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5 Drawbacks of Retiring in Alabama

By    |   Saturday, 30 May 2015 11:38 AM

Alabama can be a fantastic state to retire in – it has mild weather year round, beautiful beaches and a low cost of living index. However, before you pack up and move to Alabama, there are also some drawbacks to retirement here. From hurricanes to poverty to lack of healthcare in rural areas, here is what you need to consider before retiring in The Yellowhammer State.

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  1. Hurricanes are a Reality - With some 60 miles of coastline, Alabama does get hit by hurricanes. In fact, between 1997 and 2005 alone, there were seven major hurricanes that impacted the area around Mobile. This included Hurricane Ivan, which made landfall near Gulf Shores in September 2004, and did significant damage, along with the Gulf Coast's most destructive storm, Hurricane Katrina, in August 2005.
  2. State Income Tax - If you plan to work for a while before retiring completely, Alabama does have a state income tax unlike some neighboring states. However, the income tax rate is quite low compared to other parts of the country.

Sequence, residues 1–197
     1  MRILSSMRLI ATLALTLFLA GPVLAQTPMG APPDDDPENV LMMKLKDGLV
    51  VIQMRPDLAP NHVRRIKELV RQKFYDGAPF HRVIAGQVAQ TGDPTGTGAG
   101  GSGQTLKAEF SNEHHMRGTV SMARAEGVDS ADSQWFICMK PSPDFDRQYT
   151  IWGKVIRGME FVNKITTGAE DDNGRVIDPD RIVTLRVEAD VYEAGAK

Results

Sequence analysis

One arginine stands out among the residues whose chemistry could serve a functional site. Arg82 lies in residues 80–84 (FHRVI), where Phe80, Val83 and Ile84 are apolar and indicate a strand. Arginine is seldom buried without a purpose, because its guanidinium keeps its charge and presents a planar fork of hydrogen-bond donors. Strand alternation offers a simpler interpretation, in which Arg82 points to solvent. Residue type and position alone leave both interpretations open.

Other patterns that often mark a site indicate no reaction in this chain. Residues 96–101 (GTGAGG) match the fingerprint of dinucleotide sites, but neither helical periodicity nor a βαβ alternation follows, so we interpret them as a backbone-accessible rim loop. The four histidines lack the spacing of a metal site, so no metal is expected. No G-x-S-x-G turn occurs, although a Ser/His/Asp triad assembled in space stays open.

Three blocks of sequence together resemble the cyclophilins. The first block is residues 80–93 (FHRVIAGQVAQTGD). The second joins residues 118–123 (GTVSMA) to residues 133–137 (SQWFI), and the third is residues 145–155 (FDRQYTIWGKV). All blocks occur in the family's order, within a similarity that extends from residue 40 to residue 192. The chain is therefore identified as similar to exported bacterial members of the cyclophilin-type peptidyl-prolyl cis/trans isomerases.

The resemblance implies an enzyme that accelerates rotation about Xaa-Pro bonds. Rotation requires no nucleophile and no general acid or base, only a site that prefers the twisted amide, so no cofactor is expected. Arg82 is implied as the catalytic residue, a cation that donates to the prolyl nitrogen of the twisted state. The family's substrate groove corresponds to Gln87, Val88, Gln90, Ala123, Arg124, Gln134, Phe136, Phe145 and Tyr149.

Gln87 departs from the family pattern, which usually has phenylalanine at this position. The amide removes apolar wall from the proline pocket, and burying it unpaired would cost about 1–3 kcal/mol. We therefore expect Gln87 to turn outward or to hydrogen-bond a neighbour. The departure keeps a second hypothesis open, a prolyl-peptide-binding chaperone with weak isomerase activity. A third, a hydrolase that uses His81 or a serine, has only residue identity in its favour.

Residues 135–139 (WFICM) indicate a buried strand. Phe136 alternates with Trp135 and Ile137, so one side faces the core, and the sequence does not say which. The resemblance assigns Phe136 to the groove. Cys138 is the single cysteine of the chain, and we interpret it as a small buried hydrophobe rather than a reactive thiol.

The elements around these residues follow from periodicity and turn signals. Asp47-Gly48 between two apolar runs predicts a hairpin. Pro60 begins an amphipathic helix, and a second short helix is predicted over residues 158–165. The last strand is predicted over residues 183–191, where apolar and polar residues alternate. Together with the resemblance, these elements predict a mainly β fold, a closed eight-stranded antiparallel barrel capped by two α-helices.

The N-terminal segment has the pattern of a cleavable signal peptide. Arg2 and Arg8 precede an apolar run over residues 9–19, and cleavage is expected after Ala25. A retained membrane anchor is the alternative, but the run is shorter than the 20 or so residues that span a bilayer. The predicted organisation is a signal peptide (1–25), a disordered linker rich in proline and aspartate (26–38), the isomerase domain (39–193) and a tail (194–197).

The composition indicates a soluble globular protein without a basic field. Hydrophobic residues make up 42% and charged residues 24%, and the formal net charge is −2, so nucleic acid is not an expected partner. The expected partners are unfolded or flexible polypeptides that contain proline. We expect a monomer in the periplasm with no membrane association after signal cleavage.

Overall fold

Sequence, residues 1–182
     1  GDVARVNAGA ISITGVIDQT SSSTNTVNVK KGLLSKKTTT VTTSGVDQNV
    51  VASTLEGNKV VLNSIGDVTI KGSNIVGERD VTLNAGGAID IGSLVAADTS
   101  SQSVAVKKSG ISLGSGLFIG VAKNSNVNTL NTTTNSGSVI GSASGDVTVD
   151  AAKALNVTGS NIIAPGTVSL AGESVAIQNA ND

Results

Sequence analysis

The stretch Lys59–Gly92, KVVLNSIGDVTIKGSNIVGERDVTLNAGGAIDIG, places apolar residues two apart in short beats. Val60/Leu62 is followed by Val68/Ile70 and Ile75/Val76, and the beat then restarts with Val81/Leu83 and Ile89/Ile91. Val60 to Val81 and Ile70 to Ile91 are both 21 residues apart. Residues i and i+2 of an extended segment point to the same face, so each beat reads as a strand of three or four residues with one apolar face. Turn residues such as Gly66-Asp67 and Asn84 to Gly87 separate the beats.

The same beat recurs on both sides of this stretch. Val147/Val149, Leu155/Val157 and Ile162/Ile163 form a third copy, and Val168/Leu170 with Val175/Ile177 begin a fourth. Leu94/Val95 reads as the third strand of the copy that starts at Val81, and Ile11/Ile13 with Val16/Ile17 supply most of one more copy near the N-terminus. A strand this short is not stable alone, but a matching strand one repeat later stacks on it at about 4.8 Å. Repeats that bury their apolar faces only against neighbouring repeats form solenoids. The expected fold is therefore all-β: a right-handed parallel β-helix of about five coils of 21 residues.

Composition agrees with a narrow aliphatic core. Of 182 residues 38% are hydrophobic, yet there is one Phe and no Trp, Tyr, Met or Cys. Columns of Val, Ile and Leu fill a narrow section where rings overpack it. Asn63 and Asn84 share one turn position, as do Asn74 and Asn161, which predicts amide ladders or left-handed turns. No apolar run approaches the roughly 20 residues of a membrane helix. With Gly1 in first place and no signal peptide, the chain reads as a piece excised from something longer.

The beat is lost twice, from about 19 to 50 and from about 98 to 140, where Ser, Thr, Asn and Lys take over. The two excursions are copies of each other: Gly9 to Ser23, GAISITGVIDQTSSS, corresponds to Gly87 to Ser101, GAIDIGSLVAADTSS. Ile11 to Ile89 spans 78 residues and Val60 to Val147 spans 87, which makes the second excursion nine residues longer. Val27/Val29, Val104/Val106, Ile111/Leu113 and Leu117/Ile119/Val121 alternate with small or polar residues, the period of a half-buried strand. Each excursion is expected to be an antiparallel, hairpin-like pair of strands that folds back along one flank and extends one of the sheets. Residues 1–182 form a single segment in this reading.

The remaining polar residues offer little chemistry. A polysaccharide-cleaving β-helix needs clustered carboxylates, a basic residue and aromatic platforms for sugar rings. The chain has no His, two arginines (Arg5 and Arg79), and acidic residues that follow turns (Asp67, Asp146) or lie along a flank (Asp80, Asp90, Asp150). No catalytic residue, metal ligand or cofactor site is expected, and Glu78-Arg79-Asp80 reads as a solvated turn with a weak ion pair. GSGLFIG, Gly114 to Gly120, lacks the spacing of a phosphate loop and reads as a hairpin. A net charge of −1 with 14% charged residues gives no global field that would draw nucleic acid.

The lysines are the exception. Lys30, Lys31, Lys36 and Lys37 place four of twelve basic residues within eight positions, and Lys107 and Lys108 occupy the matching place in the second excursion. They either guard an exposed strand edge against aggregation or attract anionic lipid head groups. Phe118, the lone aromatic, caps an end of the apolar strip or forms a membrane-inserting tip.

3. Crime and Poverty - While Alabama has a low cost-of-living index, when it comes to other components that make up quality of life, it doesn't come out as well. Poverty is one example. According to the United States Census Bureau, 17.1 percent of Alabama residents live in poverty compared to an average of 13.8 percent nationally. Bankrate, which ranked the best and worst states to retire in 2015, rated Alabama as one of the 15 worst places to retire. The state's low ranking came from high scores in the areas of poverty, crime and access to healthcare.
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  5. Healthcare Issues - Although the larger cities have decent healthcare facilities, retirees living in outlying areas are much more limited in their access to doctors. "There are just 178 physicians per 100,000 people in Alabama, compared to 221 in the U.S. as a whole." MarketWatch reported.
  6. Living Near the Beach is Still Pricey - While buying a home in Gulf Shores, Alabama's premier beach community, will cost less than it does in say Palm Beach in Florida, it is still more expensive than retiring in other parts of Alabama. MarketWatch reported that the cost of living in Gulf Shores is 11.2 percent higher than in other parts of the state, which might make beachfront property inaccessible to some retirees on a fixed income.
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Alabama can be a fantastic state to retire in - it has mild weather year round, beautiful beaches and a low cost of living index. However, before you pack up and move to Alabama, there are also some drawbacks to retirement here.
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2015-38-30
Saturday, 30 May 2015 11:38 AM
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